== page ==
Chess in 1997
The IBM computer Deep Blue, with a program whose evaluation function had been refined with the assistance of Grand Master Joel Benjamin, beat Professional Chess Association world champion Garry Kasparov 3½-2½ in the spring of 1997, thereby avenging its 4-2 loss in their 1996 match. Kasparov won a sparkling first game, but in the second game he was outplayed positionally and resigned in a position where he had excellent chances to achieve a draw. The next three games were drawn, with Deep Blue snatching a brilliant last-minute draw in the fifth game. This so discouraged Kasparov that he collapsed in the last game on the black side of an unfamiliar Caro-Kann defense and was crushed in 19 moves. Confronted by a tireless opponent whom he could neither intimidate nor out-combine, Kasparov psyched himself out of the match.
On the purely human scene, Kasparov remained preeminent. A unification match between perennial rivals Kasparov and Anatoly Karpov, both of Russia, was called off, and instead the preliminaries of the International Chess Federation (FIDE) World Championship took place in Groningen, the Netherlands, in December. Kasparov and Karpov, the current FIDE world champion, were originally seeded into the semifinals. However, Kasparov announced that he would not play, citing his belief that such short matches do not do justice to the world championship. Also declining to take part was the player who seemed most likely to succeed Kasparov, Vladimir Kramnik (Russia), who turned 22 in June. He continued to beat the champion in tournaments and moved up to second place in the world rankings. Meanwhile, Karpov was seeded into the FIDE final. The championship match, played in Lausanne, Switzerland, in January 1998, saw Karpov defeat Viswanathan Anand (India) on tiebreak.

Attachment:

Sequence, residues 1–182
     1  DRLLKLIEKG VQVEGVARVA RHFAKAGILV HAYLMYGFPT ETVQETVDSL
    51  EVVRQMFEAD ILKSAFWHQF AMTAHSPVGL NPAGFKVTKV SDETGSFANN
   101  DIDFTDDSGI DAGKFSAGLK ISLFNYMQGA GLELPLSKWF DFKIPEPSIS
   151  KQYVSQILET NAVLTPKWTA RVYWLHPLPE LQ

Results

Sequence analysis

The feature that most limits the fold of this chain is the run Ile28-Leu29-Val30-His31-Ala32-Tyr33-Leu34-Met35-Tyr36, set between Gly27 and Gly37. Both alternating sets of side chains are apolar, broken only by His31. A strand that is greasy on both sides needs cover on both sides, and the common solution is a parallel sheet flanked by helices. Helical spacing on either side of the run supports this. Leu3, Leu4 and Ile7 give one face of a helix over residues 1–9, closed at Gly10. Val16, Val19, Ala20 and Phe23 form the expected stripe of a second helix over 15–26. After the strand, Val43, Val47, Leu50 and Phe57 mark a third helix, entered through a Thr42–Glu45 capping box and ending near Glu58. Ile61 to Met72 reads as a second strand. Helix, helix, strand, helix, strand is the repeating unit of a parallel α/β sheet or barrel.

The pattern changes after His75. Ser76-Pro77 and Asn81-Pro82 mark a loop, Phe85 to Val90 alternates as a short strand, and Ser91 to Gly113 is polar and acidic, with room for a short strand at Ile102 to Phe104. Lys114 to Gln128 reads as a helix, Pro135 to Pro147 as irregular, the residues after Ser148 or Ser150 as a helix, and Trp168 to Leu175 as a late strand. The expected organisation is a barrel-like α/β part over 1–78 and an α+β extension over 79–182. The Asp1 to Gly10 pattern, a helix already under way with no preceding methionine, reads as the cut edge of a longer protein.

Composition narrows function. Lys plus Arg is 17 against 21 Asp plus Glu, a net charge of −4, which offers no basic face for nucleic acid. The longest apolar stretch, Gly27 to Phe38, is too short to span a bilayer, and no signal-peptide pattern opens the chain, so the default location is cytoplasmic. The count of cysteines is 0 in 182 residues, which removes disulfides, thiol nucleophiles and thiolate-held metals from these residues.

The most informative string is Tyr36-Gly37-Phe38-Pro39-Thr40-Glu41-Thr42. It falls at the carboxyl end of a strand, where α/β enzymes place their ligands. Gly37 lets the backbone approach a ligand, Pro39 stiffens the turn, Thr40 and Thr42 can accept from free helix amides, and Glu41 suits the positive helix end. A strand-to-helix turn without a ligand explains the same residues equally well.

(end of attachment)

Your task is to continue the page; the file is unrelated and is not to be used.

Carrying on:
In other 1997 tournaments, Kramnik and Anand tied for first in Dos Hermanas, Spain; Kramnik won in Dortmund, Germany; Veselin Topalov (Bulgaria) won in Madrid, Spain. Kasparov was first in Novograd, Russia; Tal Shaked (United States) and Harriet Hunt (United Kingdom) won the men’s and women’s world junior titles. Victor Bologan (Moldavia) and Michael Krasnikow (Poland) tied for first in the New York Open; and Joel Benjamin, fresh from training Deep Blue, won the U.S. championship. England won the European team championship on tiebreak over Russia.
Fourteen-year-old Etienne Bacrot of France became the youngest grand master ever.